I have so much, and that is enough. For this I am thankful. Truly, I am blessed.

Feature photo by Marcos Paulo Prado on Unsplash

Courtesy as much as Courage

There was once a time when one would hurry ahead only to open the door for the one coming behind. Now a person would hardly look back to see if any was coming.

Once a lady could board a crowded train or bus and others would get up and offer her their seat. Now, she stands.

Once, driving down the road, motorists would use their turn signals and allow others to merge into their lanes. Not anymore.

But that was in the past.

A genuine “how do you do,” a hearty handshake, a smile, and a heartfelt response. Have these become relics of a previous age?

Courtesy is as much a mark of man as is courage.

Theodore Roosevelt

Courage is no doubt a virtue many would attain. Do we look at courtesy in the same light? Consider the cost it requires to show a little kindness. For you, it may only be a few seconds to go out of your way. For the recipient, the effects may leave a lasting impression paying dividends for years to come.


Feature photo by Adelin Preda on Unsplash

First Move Yourself

Natural disasters, pandemics, global elitist playing the part of puppet master, drought, starvation, war, inflation.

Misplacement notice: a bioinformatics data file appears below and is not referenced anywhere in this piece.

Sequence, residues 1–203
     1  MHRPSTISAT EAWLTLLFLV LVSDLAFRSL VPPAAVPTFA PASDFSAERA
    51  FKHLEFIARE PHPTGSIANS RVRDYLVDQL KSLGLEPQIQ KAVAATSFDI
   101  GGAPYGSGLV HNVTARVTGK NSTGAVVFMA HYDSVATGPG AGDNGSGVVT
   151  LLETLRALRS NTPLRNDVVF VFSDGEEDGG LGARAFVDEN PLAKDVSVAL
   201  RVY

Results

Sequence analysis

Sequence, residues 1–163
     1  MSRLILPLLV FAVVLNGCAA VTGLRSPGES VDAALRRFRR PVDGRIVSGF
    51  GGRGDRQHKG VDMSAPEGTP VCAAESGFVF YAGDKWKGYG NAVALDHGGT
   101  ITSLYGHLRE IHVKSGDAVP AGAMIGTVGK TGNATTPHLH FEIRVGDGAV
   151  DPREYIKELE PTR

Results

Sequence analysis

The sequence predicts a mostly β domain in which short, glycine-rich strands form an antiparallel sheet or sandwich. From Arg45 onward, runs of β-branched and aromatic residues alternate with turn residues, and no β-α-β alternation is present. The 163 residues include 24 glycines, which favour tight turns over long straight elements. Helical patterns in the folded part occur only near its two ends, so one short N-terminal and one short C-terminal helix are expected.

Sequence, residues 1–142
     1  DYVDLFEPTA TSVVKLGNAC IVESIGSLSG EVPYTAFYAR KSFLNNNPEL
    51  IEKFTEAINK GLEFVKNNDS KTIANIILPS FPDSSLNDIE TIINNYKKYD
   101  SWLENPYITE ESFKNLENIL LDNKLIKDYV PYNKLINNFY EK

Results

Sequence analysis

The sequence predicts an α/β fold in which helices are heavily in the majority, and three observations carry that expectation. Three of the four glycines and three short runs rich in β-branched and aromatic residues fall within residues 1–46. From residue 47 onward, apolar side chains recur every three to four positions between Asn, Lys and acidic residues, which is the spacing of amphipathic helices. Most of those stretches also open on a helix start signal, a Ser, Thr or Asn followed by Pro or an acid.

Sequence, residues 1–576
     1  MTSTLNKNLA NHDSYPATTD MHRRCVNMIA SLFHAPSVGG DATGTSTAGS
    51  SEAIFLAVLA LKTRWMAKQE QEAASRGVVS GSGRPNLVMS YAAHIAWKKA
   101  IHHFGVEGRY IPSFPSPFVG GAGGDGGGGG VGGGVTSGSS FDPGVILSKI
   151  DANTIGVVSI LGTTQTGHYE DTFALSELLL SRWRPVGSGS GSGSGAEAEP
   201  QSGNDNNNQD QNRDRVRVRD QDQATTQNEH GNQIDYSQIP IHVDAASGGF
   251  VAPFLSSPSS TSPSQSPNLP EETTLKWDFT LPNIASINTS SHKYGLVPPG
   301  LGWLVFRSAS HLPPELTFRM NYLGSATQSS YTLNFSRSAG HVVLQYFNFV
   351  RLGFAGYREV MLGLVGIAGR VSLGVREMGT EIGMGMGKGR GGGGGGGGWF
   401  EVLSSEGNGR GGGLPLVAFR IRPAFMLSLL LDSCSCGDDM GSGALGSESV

So much in this world that weighs us down physically and mentally. Why is this happening to us? Why now? How do we stop it?

Why us and why now really come down to our viewpoint. The good times are the easiest to remember and certainly the times we long for. But catastrophes do not discriminate. They don’t just go after you and the ones you love. They attack anybody and everybody that gets in their way. A tidal wave doesn’t pick who its victims will be. It is an equal-opportunity destroyer. The hard times has always come and gone only to turn around and come again. It is rather depressing if you allow it to depress you.

What about trying to stop it? Equally depressing is the answer. Some things you just can’t stop. You can give water to him that thirsts, but can you stop a drought?

Let him that would move the world first move himself.

Socrates